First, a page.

It's rare that a sequel trumps the original but The Expendables 2 manages to do just that with a steady stream of one-liners and welcome weathered faces as well as a few new ingredients. E2 seems even more self-aware of its own silliness especially with Jean-Claude Van Damme as the villain (named Vilain of course) and Chuck Norris and Arnold Schwarzenegger popping up in smaller roles alongside previous Expendables Sylvester Stallone Jason Statham Jet Li Dolph Lundgren Bruce Willis Terry Crews and Randy Couture.
Then again The Expendables wasn't any sort of action classic; it was like writer/director/star Stallone threw a whole bunch of ideas at the wall to see which would stick then added massive amounts of weapons and the occasional hand-to-hand combat. It was popular but it definitely not the kind of awesome actioner that the stars were able to make 10 or 20 years ago. There's the rub actually; like women actors who have written or directed their own projects because nothing else was available or satisfactory Stallone created The Expendables because Hollywood didn't seem to know what to do with him and his fellow action stars as they got older. It's easy to criticize Stallone et al for not doing the same amount of stunt work or hand-to-hand fighting that for example Statham is capable of but the whole thrust of the movie is that they're expendable -- to themselves to the world and until Stallone kickstarted these movies to Hollywood.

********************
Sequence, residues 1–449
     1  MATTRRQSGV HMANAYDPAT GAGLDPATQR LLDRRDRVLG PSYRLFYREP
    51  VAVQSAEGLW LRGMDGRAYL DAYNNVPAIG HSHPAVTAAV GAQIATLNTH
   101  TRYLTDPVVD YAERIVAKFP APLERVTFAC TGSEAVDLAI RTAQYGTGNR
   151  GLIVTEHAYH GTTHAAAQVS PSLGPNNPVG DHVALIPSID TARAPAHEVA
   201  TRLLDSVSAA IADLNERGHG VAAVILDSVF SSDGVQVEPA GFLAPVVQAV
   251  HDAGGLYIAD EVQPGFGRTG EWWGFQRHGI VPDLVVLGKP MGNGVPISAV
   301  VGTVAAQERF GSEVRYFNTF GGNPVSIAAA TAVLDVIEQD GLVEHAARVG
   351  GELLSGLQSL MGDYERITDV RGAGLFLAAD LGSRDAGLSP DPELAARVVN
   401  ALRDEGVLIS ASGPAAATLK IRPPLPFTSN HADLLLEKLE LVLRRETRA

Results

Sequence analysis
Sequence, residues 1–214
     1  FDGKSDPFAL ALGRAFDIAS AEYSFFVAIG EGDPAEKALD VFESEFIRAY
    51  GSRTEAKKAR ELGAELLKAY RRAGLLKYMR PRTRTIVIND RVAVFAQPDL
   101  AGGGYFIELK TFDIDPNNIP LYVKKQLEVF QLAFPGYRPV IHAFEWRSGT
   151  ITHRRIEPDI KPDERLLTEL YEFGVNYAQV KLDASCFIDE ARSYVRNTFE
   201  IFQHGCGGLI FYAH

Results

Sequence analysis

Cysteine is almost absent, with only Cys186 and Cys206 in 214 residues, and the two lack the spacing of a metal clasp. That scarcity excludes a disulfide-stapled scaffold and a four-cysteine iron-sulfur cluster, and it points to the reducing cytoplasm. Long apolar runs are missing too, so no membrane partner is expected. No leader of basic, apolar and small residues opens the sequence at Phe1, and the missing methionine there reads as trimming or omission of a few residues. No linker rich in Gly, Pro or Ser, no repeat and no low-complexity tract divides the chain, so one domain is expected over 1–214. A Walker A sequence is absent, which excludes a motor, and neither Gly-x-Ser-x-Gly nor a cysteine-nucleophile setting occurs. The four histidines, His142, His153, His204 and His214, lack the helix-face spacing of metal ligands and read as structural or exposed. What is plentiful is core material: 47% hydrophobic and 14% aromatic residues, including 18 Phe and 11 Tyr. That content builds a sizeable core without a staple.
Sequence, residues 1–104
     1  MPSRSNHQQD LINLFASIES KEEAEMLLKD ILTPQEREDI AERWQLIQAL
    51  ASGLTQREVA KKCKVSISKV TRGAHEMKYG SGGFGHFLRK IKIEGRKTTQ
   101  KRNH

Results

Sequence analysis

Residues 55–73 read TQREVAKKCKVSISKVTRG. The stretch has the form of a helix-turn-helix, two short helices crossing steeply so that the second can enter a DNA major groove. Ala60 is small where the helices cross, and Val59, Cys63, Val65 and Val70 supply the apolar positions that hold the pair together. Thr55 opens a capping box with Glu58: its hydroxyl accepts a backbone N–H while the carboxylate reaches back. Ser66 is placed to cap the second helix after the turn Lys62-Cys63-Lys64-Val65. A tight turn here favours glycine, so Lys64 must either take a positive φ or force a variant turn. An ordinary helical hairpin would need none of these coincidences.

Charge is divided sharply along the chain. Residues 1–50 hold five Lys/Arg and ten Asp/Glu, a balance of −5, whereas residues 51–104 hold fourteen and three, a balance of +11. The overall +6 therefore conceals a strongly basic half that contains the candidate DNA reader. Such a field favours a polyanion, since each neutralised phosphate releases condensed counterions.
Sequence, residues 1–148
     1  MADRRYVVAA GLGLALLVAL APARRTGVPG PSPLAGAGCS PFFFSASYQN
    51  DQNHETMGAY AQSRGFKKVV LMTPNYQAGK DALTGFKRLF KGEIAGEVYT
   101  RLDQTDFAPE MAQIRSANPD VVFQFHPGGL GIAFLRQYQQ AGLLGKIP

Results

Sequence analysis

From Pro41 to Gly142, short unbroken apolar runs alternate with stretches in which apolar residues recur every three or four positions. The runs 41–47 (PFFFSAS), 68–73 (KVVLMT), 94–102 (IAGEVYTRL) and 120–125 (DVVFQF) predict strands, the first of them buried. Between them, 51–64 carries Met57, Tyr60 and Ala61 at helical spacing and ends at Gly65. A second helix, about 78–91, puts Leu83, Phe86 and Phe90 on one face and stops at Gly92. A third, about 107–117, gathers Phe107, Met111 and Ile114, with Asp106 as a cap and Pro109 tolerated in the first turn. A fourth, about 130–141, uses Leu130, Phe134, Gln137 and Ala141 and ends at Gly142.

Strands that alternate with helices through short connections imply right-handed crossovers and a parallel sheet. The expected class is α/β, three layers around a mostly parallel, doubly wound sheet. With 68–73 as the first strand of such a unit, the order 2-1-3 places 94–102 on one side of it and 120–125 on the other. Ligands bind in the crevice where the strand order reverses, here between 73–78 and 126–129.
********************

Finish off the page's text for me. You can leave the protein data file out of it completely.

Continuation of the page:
E2 is still clumsy but it's a little more adventurous and a little more introspective. Two new additions to the crew seem to throw everyone for a loop in one way or another. Liam Hemsworth shows up as Bill the Kid a sniper who left the military after a raid in Afghanistan went horribly wrong; his age and hopefulness not to mention physical prowess is a foil the Sylvester Stallone's Barney Ross and one that Barney is well aware of. Nan Yu joins the team as Maggie who is apparently the only person who can disarm the safe that holds whatever secret thing Church (Willis) has sent them to retrieve. And if the Expendables don't get her back alive Church will make them pay because even though Maggie is some sort of multilingual computer genius with a vicious roundhouse she's a lady. On one hand perhaps we're supposed to gather that this group of old dogs is learning new tricks by having to deal with a smart capable woman in their midst; the attempts Gunner (Lundgren) makes to flirt with her are clunky and goofy and she's obviously way too smart for fall for that claptrap. On the other when she whips out some instruments of torture Barney cracks "What are you going to do give them a pedicure?" And of course her role also devolves into an incredibly stilted and unbelievable romantic interest for Barney. One point for trying but two points deducted for falling into the romantic interest trap.